Dubbed the wikipedia of young African designers, Industrie Africa launched a little over two years ago with a mission to challenge the perception of fashion on the continent. A virtual showroom of sorts, the site highlights the full breadth of African design talent with a directory of over 80 brands from 24 different African countries. Today, Industrie Africa is taking their objective one step further with a shoppable platform that brings those high end and emerging labels to the doorstep of their global audience. “There’s been a seismic shift in the way African fashion is being seen around the world and we just happened to be on the cusp of that,” says founder Nisha Kanabar, a native Tanzanian who gained her fashion marketing acumen working for Indian and American Vogue. “We really want to continue to disrupt the traditional worldviews surrounding what it means to be an African designer, shop African, or have an African identity.”
Given the wellspring of exciting new names from the continent, there’s no doubt that the fashion landscape is rapidly evolving. Just last year, South African designer Thebe Magugu scooped the prestigious LVMH prize; Nigerian designer and fellow finalist Kenneth Ize also made waves with his debut at Paris Fashion Week in February. Kanabar and her then-partner Georgia Bobley originally conceived of Industrie Africa as a place for discovery, and that focus on the new and the unexpected underpins the shopping experience. Kanabar handpicked pieces from a list of around 30 labels, some established (African fashion aficionados will for sure recognize Nigerian designer Lisa Folawiyo, for example), others up and coming.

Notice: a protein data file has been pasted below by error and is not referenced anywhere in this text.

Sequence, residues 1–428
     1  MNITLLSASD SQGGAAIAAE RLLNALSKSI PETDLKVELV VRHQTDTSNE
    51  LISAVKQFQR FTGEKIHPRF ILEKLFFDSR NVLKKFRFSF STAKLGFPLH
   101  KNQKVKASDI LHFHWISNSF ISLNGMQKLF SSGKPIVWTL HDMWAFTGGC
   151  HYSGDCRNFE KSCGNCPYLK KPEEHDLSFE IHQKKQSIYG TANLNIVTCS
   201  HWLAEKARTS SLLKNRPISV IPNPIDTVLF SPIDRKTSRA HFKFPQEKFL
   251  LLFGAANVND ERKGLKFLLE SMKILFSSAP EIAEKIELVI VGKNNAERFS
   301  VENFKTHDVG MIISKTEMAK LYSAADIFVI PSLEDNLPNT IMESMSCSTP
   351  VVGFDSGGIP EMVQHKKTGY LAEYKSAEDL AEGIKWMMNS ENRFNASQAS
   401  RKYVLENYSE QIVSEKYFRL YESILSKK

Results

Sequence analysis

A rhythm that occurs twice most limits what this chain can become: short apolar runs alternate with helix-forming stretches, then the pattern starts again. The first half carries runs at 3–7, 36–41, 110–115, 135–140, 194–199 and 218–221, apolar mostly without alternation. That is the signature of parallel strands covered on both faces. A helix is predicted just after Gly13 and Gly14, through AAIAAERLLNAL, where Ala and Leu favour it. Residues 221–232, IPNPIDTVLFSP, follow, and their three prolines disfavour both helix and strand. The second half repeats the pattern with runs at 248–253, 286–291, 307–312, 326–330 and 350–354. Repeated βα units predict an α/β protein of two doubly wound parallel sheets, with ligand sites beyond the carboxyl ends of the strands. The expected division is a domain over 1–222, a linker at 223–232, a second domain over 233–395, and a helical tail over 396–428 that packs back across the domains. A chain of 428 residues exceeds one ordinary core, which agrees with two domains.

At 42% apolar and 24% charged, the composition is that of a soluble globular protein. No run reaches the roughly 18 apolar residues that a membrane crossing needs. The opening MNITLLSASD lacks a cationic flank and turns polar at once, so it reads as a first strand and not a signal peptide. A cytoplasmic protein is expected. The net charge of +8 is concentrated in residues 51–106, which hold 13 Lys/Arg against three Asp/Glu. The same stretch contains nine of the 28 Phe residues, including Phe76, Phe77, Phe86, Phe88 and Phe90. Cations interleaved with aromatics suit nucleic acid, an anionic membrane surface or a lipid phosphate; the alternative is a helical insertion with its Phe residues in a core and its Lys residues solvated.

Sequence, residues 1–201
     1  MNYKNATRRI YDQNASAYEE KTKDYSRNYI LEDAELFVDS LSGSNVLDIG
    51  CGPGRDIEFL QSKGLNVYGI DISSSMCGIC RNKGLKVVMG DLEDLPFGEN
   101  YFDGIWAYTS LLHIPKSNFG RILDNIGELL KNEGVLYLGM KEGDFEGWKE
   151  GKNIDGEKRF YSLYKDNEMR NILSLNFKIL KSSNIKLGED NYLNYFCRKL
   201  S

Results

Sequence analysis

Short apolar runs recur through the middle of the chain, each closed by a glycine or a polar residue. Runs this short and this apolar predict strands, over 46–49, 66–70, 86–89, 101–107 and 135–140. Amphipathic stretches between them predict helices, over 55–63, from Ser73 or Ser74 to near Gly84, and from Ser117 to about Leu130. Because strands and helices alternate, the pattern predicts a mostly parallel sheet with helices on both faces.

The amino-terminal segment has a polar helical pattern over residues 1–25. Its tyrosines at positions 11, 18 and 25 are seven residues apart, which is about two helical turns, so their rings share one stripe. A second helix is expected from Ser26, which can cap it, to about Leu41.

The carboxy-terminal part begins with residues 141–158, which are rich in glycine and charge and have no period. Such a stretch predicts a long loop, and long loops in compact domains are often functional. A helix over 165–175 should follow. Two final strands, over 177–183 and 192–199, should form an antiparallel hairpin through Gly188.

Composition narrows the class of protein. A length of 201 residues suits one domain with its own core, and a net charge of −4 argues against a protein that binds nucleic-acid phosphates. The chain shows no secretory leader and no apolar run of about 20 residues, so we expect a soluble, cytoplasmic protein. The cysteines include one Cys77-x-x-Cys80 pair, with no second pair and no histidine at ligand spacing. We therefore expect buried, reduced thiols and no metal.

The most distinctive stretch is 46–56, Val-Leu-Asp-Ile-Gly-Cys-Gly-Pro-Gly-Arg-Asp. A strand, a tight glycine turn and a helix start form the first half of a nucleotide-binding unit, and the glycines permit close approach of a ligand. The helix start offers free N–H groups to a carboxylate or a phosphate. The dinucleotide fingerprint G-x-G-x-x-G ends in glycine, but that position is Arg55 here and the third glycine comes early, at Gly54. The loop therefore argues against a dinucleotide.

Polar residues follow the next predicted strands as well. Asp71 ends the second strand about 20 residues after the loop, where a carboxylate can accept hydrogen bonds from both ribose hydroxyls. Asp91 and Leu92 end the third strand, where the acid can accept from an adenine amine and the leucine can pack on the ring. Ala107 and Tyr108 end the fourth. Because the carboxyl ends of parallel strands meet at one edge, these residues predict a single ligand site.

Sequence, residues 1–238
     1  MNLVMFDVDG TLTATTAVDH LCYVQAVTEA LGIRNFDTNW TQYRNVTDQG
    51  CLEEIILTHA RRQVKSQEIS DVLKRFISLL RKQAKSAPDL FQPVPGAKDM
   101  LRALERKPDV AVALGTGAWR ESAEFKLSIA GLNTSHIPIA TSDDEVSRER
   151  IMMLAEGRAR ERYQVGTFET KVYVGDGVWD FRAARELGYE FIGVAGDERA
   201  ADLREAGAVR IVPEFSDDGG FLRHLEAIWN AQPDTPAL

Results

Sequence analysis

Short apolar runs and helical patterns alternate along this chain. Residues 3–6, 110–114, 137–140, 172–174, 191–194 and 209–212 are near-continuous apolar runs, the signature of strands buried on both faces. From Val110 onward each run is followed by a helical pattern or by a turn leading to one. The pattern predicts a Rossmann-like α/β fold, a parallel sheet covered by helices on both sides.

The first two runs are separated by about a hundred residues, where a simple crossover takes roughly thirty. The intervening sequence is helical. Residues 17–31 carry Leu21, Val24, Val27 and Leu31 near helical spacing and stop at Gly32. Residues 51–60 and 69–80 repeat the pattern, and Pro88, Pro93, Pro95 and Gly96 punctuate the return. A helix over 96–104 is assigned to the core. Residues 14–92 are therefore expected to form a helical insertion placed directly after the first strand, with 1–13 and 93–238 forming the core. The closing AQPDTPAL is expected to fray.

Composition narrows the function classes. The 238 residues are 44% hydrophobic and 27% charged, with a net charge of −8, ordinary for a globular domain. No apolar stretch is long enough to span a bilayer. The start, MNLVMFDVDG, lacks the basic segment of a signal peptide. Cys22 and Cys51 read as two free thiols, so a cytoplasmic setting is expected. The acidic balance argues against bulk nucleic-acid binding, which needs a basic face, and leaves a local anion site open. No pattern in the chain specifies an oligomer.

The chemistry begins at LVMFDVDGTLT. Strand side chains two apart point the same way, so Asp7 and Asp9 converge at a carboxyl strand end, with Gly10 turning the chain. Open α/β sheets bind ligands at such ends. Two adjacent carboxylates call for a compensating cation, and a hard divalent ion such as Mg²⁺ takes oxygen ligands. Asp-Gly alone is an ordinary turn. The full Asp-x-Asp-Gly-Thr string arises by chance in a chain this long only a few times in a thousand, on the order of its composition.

Of the newbies, Ivorian designer Awa Meité is well worth getting to know. Handwoven and hand-dyed by local artisans, her fringed maxi skirts and puff-sleeved tops set centuries-old techniques on an entirely new path. Nigerian shoe brand Shekudo is another standout. Their colorful made-in-Lagos mix-media slides and midi-heels give the current yen for minimalist ’90s-style footwear a fresh jolt, thanks to the combination of upcycled leather and aso-oke, the traditional woven fabric of the Yoruba people. “We’re catering to a more conscious, emotionally-connected consumer, one who doesn’t shop in a vacuum or consume content in a vacuum,” explains Kanabar.
Thanks to their partnership with DHL, who’ve built a robust infrastructure in Africa, Industrie Africa is able to serve their international customers with surprisingly reasonable shipping prices, too: the flat rate for shipping to the U.S. is $40 with Europe slightly lower at $35. More than that, there’s a real commitment to telling the stories on the ground, delivering editorial content from within the local fashion community. Says Kanabar. “We put ourselves forward as an african platform first and foremost, one that really connects the dots on who we’re speaking about.”